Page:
University of Queensland research has pinpointed artificial light as a threat to coral reproduction, in a discovery that will help guide reef and marine ecosystem protection plans.
UQ Global Change Institute researcher Dr Paulina Kaniewska said work at UQ's Heron Island Research Station revealed that the Great Barrier Reef's annual coral spawning was dependent on an intricate mix of conditions, with moonlight playing a vital role.
"The introduction of artificial light competes with moonlight and can prevent corals from spawning," she said.
Dr Kaniewska said the research provided insight into how corals fine-tuned and coordinated the release of eggs and sperm into the water for fertilisation.
"Even though corals don't have a brain, they have a spread-out nervous system that allows them to transmit signals in response to sensing changes in light conditions on a cellular level," she said.
The study suggests that the release of sex cells in corals is triggered by a protein similar to the photosensitive melanopsin molecule.
"In mammals, melanopsin plays an important role in synchronising circadian rhythms with the daily light-dark cycle."
She said the research resolved long-standing questions about how corals synchronised the mass release of sex cells with the phases of the moon or bio-rhythms.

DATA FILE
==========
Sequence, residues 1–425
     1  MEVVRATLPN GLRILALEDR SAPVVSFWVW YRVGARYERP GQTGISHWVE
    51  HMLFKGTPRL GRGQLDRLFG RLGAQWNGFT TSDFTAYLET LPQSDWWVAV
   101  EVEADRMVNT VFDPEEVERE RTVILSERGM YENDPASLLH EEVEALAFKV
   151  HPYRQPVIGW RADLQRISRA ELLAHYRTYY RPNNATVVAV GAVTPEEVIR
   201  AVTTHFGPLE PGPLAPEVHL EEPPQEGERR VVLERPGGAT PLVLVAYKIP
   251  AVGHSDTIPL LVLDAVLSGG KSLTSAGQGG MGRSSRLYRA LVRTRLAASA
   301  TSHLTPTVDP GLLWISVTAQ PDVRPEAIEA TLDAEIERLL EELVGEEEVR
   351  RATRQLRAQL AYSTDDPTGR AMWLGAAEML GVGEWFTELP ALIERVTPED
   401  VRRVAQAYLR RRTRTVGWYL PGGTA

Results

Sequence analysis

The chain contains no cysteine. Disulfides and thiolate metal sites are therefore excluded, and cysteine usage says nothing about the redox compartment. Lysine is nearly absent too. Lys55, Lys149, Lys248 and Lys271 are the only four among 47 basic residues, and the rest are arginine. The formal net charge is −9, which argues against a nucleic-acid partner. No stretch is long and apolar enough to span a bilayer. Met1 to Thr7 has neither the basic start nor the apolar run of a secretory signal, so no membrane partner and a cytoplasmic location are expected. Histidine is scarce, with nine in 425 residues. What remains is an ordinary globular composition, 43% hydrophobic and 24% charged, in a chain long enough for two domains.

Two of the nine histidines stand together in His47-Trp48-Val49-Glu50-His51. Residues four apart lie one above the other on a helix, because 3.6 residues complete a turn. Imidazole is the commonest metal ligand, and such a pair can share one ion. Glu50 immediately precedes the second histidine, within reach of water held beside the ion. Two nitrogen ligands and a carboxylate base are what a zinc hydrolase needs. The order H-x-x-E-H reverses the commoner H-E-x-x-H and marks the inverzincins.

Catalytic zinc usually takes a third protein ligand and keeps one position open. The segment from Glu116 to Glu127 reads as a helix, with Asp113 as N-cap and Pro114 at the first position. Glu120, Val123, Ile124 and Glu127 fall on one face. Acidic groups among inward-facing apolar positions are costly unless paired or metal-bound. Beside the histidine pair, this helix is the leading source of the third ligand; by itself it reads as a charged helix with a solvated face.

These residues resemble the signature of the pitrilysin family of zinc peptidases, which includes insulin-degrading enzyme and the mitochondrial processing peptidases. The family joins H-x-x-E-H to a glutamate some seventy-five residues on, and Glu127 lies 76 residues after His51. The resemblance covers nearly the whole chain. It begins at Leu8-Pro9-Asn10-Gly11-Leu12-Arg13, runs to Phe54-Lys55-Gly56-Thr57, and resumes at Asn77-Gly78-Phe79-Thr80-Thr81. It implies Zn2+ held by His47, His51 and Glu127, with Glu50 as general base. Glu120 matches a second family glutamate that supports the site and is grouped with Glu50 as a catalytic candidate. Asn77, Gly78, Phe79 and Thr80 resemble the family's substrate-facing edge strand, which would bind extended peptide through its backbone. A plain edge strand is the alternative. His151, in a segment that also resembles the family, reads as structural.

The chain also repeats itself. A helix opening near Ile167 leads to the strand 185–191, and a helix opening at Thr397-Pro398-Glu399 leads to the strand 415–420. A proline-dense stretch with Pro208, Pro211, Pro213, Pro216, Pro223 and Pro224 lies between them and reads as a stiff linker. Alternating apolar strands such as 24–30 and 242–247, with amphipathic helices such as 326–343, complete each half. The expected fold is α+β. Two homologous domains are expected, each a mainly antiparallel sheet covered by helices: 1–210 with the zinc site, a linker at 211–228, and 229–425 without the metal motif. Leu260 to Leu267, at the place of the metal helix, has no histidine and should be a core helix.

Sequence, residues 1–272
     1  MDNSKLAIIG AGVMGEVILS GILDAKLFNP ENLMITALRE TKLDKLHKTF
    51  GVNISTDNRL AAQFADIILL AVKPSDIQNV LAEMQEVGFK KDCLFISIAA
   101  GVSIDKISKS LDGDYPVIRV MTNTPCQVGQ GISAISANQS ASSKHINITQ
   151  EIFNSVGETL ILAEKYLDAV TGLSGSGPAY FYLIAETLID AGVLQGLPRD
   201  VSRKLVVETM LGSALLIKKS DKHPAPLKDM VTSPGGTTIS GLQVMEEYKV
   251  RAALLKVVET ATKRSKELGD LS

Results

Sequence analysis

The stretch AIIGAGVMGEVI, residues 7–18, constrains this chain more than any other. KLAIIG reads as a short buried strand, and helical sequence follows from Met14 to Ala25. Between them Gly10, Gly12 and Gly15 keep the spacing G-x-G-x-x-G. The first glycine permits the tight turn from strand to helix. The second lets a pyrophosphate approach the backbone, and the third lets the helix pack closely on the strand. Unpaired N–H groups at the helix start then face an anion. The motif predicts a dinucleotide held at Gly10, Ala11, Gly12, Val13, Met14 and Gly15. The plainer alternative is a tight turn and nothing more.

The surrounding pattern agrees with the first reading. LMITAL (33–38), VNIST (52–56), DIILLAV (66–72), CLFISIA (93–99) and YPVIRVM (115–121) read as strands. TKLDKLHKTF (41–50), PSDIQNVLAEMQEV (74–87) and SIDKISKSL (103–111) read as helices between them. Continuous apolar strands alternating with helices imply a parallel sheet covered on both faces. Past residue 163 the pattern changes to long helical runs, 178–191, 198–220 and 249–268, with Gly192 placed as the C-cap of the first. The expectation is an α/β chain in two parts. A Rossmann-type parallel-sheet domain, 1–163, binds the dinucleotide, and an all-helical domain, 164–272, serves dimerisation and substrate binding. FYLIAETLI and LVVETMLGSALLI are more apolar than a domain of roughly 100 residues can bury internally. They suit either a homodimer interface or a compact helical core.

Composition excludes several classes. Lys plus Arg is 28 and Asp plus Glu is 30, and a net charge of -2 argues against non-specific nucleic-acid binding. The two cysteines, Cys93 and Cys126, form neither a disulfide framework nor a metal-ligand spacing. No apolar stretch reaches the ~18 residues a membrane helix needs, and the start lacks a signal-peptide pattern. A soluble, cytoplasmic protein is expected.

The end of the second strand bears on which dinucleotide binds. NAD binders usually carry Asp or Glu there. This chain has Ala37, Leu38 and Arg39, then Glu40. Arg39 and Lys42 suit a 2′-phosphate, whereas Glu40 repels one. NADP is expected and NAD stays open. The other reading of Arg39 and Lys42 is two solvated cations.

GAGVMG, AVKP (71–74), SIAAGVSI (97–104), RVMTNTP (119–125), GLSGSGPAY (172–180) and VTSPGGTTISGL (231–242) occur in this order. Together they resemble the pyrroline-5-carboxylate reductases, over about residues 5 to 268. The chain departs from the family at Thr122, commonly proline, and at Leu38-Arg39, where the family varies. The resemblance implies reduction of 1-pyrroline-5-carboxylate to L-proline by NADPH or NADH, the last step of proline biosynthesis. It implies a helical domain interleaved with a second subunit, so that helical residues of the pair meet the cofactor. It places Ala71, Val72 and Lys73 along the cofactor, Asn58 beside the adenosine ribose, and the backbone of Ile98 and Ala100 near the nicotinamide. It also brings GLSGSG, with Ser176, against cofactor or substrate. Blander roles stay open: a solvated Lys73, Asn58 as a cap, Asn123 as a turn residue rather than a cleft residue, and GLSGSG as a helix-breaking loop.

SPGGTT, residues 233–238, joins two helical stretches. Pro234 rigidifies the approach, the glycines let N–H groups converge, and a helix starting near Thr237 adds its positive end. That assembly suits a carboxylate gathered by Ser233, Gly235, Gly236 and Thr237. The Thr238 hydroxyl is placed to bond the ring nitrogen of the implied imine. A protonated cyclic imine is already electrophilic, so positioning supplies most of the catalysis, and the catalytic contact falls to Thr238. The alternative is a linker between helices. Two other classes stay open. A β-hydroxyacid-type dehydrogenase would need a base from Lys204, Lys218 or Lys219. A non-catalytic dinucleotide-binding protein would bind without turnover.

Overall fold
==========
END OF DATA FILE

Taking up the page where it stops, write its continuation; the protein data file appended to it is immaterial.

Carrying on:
"Effects of light on the timing of spawning are so important because sexual reproduction is vital to reef survival," she said.
"This research suggests that urban light pollution from excessive artificial light can be a real threat to coral reproduction."
Dr Kaniewska and colleagues exposed the coral Acropora millepora -- one of the dominant coral species that make up the Great Barrier Reef -- to different light treatments and sampled the corals before, during and after spawning.
"The annual coral spawning on the Great Barrier Reef is a spectacular synchronised reproduction event where changes in water temperature, tides, sunrise and sunset and the intensity of the moonlight trigger large-scale mass spawning of hundreds of coral species over several nights" Dr Kaniewska said.
"The egg and sperm cells combine and develop into larvae. These settle back on the reef to form new coral colonies," she said.
"Many different coral species commonly spawn simultaneously to improve their chances of successfully reproducing."
The research is published in eLifeSciences.
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